CONCORD — A police brutality trial involving four Manchester police officers starts Tuesday in federal court in Concord, despite their lawyers’ fears that the death of Tyre Nichols will hurt their chances for a fair trial.
Last week, U.S. District Court Judge Paul Barbadoro rejected requests from three of the four officers to postpone the trial.
Lawyers for the three cited adverse publicity and public opinion after the Memphis police beating of Nichols on Jan. 7 and his subsequent death.
“The likelihood of injustice or unfair prejudice if the trial is not reasonably continued is substantial,” lawyers for the officers wrote in a court filing.
“This case is not about police brutality at the national or local levels, but may become about that if the trial proceeds as scheduled.”
At a pre-trial hearing last week, Barbadoro rejected the request. An online case summary reports that the judge gave his reasons in open court, but does not restate them.
On Tuesday, Barbadoro and lawyers are expected to begin picking a jury for the trial.
The trial pits state prison inmate Chasrick Heredia, 29, against the four officers.
Heredia has claimed the officers used excessive force in a 2018 arrest, failed to render medical aid and fabricated evidence against him.
Although Barbadoro did not postpone the trial, lawyers for the police officers plan to quiz potential jurors about the Memphis case, in which five police officers have been charged with second-degree murder and other offenses.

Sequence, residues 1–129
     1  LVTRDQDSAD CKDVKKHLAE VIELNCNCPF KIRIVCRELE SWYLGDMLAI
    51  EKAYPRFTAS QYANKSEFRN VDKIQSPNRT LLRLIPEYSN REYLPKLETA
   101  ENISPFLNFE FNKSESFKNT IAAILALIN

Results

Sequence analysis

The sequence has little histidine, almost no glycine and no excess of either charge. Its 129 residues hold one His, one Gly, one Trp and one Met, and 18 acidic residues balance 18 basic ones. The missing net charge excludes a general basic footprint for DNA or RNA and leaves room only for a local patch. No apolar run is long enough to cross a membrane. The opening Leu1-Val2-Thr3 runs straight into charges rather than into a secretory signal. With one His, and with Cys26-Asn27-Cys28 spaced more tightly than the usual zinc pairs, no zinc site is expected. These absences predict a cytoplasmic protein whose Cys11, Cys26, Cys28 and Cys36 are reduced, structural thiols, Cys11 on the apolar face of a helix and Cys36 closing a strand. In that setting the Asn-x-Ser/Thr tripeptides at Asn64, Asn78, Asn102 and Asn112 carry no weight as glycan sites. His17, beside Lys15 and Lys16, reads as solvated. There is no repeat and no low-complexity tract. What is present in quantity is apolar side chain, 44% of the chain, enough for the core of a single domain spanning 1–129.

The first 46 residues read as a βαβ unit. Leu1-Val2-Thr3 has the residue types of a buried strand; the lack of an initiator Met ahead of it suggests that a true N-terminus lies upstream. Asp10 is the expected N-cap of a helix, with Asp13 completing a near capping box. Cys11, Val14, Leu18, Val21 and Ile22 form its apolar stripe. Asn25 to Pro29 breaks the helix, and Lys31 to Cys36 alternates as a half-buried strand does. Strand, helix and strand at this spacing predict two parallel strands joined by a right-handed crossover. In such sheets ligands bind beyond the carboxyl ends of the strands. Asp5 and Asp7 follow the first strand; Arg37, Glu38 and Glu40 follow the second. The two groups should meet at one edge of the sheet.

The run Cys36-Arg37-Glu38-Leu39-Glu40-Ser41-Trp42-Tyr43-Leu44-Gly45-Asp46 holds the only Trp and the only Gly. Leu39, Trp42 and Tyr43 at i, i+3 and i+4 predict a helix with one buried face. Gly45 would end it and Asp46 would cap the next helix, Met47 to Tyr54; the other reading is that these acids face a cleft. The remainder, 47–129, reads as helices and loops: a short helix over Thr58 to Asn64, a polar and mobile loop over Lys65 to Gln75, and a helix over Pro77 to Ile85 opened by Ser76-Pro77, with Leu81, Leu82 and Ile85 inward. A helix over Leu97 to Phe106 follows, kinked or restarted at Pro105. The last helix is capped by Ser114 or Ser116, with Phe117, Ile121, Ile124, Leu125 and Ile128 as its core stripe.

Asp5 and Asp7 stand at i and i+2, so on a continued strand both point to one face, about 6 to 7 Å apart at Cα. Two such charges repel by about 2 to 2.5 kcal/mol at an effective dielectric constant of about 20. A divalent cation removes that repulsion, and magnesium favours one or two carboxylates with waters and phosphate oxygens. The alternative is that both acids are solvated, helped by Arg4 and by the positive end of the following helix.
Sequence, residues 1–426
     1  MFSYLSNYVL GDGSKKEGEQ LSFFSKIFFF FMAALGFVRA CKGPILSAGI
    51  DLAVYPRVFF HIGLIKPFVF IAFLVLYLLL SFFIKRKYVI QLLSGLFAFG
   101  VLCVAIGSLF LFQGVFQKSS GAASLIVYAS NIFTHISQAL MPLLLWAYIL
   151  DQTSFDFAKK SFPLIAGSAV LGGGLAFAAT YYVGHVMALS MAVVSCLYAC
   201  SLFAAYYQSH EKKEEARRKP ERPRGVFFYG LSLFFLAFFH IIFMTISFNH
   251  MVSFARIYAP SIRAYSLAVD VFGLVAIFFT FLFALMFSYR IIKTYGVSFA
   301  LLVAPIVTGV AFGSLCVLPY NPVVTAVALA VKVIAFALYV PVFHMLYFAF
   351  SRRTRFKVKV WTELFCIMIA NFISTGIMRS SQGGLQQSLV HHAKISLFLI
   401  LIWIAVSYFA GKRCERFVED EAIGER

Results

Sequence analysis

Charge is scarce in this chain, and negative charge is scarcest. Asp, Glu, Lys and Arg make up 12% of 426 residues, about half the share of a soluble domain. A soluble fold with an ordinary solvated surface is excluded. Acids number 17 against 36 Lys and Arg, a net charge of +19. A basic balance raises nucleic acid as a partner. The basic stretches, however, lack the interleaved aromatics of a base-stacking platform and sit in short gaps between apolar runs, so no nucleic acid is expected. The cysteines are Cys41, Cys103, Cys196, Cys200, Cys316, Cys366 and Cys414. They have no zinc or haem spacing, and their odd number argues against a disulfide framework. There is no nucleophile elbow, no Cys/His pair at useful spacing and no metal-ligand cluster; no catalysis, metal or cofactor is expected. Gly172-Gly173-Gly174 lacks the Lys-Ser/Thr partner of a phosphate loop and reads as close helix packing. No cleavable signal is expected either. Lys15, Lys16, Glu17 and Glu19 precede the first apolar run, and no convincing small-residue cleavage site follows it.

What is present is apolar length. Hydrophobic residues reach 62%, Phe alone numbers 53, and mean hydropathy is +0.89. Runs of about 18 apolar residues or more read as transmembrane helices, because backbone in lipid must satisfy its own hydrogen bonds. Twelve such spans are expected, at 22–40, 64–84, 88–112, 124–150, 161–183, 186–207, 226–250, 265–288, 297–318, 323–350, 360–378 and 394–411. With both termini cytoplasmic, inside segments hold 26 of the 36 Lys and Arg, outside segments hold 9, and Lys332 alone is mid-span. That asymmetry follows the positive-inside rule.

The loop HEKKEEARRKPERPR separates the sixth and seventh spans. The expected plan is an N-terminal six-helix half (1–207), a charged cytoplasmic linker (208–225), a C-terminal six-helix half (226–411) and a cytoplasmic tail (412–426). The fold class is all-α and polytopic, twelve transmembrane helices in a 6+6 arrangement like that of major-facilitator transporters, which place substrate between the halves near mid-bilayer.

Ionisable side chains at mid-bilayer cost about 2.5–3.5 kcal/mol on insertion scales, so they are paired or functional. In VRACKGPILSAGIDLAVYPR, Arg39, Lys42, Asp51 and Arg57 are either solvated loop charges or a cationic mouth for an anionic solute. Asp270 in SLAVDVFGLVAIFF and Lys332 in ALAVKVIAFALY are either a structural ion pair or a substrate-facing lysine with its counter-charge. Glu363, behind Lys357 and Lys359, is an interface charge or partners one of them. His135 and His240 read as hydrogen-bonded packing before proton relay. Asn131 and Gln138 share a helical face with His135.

Defense lawyers will ask potential jurors about their impression of the Nichols beating and whether it would impact their impressions of Manchester police.
Nichols, who was Black, was beaten by five Black police officers. Heredia, who is Hispanic, has sued four White officers.
Bystander video of Heredia’s 2018 arrest, which played a key role in his Hillsborough County Superior Court criminal trial, is expected to be screened during the federal trial. It shows Heredia resisting arrest and officer Michael Roscoe striking him several times.
Police arrested him during a melee outside the now-closed Glow Bar on Hanover Street, and authorities charged him with attempted murder, riot, numerous assault charges and resisting arrest.
A jury cleared him of the more serious charges, and in April 2019 he signed a plea deal that released him from jail.
The plea deal took place after the case against him collapsed. Two of the police officers who testified against him at trial were dating, and a judge ruled that the state should have disclosed that to Heredia’s lawyer.
The two — Roscoe and Canada Stewart — are defendants in the lawsuit. The other two defendants are are Matthew Nocella and Nathan Harrington.
Heredia has sued the four individually but not the police department or the city of Manchester. The city is paying the officers’ legal bills and would likely pay any jury award.
In 2021, Heredia was tried on sexual assault charges involving teen girls who walked away from Granite Pathways, a residential drug and mental health program for teens in Manchester.
He was cleared of the sexual assault charges but convicted on witness tampering and evidence destruction charges. He is serving a minimum 5 1/2-year sentence in state prison.